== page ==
- Bute Hospital, Luton.
Scathing things were said about the treatment by the authorities of discharged men, at a meeting of Luton War Pensions Committee at the Town Hall on Friday night [September 28th, 1917].
Mr William Phillips cited the case of a Dunstable sergeant who went through all the early stages of the war, and since discharge has served in the Corps Commissionaire at Kent's in Luton. He has had his right arm amputated from the shoulder and has a wound in the right side and groin from an explosive bullet and goes into hospital at intervals to have the wound seen to and occasionally an operation performed.
For 11 weeks he has been in the Bute Hospital, and some weeks ago the Medical Board at Bedford wrote inquiring if he was fit to attend for medical re-examination. The Matron twice informed them he was not fit, and the matter was left until September 17th, when the man was sent a summons to appear at the military hospital at Kempston Barracks for examination within 24 hours of "otherwise his pension might be stopped".
Dr Bone said the man was not fit to go, but he was in such a state about his pension that he was allowed to go. As it happened, it did not hurt the man, but it seemed to Mr Phillips that instead of making all this fuss the Medical Board should have written to the hospital again and asked for a certificate from the doctor attending him and have either accepted the medical certificate or sent a travelling medical board to see him.
The Deputy Mayor (Councillor Primett) gave the history of another case. This man was put into the W Reserve and, having been an engineer, was sent to do munition work. After about a month his health broke down and he was sent into a London institution, where he had undergone four serious operations. He had still an open wound that was not healed, and yet to got a calling-up notice to join the Colours within so many hours at Chelmsford.
There was something worse. The wife of this man had never had a penny separation allowance since he had been in hospital. She had had to struggle along and work to keep herself and four children, and all the help she had was a sovereign from the Mayor's Fund.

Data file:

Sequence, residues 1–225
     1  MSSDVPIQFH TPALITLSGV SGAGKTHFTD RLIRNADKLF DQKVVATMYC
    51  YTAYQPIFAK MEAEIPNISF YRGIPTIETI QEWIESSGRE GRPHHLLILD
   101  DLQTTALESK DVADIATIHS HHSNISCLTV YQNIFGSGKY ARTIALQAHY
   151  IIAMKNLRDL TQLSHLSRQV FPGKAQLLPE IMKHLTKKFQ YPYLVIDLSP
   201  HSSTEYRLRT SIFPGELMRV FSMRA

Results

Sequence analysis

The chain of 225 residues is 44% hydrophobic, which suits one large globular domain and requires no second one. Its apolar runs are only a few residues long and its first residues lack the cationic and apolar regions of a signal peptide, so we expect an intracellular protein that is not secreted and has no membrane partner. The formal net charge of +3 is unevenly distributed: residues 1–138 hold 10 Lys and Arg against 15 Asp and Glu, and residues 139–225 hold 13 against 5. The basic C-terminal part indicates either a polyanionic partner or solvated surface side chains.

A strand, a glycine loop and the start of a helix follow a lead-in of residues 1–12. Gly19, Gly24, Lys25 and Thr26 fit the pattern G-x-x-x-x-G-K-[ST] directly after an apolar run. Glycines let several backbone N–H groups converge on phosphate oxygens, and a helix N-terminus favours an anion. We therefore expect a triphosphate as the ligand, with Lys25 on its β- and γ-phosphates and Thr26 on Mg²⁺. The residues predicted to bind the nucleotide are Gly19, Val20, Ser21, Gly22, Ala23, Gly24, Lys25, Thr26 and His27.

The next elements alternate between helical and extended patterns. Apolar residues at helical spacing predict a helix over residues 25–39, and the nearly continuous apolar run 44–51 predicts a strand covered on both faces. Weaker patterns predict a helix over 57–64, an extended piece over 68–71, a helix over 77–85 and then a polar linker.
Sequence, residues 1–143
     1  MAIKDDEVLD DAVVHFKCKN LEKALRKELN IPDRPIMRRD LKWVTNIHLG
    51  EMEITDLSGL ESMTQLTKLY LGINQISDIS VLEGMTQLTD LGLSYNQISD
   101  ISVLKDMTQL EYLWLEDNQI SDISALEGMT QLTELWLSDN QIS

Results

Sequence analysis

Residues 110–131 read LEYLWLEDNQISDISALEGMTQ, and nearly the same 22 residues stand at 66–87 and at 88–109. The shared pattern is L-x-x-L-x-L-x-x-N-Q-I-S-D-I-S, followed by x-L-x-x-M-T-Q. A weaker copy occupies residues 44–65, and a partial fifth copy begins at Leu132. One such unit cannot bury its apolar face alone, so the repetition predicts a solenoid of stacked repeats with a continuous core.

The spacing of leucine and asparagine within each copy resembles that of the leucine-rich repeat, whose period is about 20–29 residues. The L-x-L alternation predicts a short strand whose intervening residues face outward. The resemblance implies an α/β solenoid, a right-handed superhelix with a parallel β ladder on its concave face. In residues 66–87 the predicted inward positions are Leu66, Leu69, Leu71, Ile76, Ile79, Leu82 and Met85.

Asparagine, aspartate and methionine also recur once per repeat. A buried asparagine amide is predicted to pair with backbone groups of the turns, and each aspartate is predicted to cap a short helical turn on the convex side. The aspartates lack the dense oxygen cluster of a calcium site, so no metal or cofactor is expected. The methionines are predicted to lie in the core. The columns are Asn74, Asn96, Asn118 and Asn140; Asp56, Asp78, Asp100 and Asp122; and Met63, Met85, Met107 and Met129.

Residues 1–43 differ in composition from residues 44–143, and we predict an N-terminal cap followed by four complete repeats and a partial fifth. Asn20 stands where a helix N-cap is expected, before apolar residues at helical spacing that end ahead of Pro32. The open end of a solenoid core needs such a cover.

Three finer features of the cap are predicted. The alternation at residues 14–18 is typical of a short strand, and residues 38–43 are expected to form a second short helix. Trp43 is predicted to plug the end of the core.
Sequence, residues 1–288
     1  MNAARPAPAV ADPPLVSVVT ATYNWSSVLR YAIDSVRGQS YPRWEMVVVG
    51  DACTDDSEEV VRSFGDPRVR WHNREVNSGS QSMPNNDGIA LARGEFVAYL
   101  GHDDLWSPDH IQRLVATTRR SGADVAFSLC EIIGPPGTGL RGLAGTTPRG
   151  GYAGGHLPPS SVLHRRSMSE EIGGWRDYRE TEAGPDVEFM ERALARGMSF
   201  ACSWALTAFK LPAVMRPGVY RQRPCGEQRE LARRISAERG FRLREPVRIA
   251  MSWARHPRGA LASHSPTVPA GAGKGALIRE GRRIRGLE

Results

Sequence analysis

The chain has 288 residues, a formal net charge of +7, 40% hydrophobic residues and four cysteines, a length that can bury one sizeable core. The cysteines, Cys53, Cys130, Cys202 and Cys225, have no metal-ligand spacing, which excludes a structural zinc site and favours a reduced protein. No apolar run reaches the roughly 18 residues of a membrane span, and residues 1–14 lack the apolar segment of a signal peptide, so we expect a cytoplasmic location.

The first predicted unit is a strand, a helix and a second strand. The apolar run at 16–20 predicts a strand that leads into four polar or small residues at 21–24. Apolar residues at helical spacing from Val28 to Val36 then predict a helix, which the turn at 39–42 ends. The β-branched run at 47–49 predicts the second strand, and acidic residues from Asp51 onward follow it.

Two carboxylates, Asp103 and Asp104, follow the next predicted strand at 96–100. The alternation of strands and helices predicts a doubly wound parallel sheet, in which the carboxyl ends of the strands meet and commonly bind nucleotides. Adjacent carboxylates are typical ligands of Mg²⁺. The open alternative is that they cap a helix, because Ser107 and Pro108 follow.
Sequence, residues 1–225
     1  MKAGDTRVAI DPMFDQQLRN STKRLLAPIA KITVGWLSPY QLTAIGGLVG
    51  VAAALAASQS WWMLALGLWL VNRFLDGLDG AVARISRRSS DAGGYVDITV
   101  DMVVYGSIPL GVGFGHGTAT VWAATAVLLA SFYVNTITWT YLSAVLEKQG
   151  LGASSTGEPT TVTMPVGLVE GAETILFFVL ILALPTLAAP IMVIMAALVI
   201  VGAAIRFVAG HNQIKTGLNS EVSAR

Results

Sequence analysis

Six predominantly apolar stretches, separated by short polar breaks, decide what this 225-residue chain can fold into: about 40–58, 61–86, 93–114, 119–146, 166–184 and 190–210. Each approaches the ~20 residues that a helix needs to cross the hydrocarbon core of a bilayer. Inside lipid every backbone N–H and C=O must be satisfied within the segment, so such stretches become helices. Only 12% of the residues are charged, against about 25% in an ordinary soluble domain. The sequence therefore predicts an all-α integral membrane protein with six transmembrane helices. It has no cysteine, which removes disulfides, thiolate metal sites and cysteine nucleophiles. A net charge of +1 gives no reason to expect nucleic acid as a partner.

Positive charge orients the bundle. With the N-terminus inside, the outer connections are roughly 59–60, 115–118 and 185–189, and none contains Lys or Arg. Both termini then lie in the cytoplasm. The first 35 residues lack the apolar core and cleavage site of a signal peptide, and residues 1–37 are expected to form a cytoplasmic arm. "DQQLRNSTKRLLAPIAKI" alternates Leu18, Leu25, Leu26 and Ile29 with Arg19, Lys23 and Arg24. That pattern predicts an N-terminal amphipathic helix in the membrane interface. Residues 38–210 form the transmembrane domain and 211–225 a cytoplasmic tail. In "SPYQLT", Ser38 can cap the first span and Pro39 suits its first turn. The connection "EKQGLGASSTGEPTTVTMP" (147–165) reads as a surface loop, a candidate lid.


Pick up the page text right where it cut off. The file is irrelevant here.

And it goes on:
Mr W. J. Mabley remarked that these men had apparently been fighting for democracy and it appeared they were getting it in a different way from what they expected. His contention was that no medical officer in the service should have anything to do with a man discharged medically unfit as regards reassessing his pension. It should be done by civil practitioners in the district where the man had been living.
The Mayor [Alderman John Staddon] said he had one of the most peculiar experiences. While his son was lying in Cambridge Hospital a letter was sent to him at Luton, with a railway warrant, to appear before the Medical Board at Cambridge within 48 hours, and was sent from not five yards from his bed.
"It's an absolute disgrace," commented Mr Mabley.
Reference was also made to the new duties placed on the local committee in connection with the work of the Appeals Tribunal set up by the Ministry of Pensions to hear appeals from men given or refused gratuities on the ground that their disability was not attributable to military service.
If a man feels he has a legitimate he can go to the local committee and state his case, and the medical history papers relating to him will be laid before a special sub-committee which it was decided to constitute of Alderman H. O. Williams, Messrs W. J. Mair, W. Saunders, F. W. Smith and J. H. Saint.
The man will have to appear before the sub-committee and produce evidence from his ordinary medical attendant as to the state of his health before enlistment, and evidence will also have to be obtained from his approved society and employer bearing on the matter. It will not be for the sub-committee to adjudicate upon a man's appeal, but the committee's opinion may be sent up with the papers to the Appeals Tribunal.
Mr Mabley entirely disagreed with the requirement as to the state of a man's health before the war, contending that if the Government accepted a man for service they were responsible for the position he was in medically when discharged, and the Mayor said he quite agreed.
He thought there was no tribunal in the country which had fought this question more than the Luton Tribunal, and still the military were persisting in the same thing. He thought they were worse now than they were months back, and the Government must make themselves responsible for these men. It was one of the crying evils of compulsory military service that the medical boards of the country, with few exceptions, could not be trusted in their examinations to do their duty to the men as well as to the Army.
As a result of further consideration of the question of the treatment of discharged sailors and soldiers at Wardown V.A.D. Hospital the opinion was expressed that it would be unreasonable to expect the medical staff of local hospitals to undertake the treatment without remuneration, and the Secretary was directed to inquire of the Ministry of Pensions what fees the local committee may offer for the services of the doctors, in addition to the payment allowed to the institutions.
The Deputy Mayor said the attempt to get these men treated free was on all fours with what they had to contend with in the early stages of the committee's existence, the proposal to get voluntary subscriptions to supplement pensions. Luton had something to do with the killing of that, and he hoped this resolution would have the same result.
[The Luton Reporter: Wednesday, October 3rd, 1917]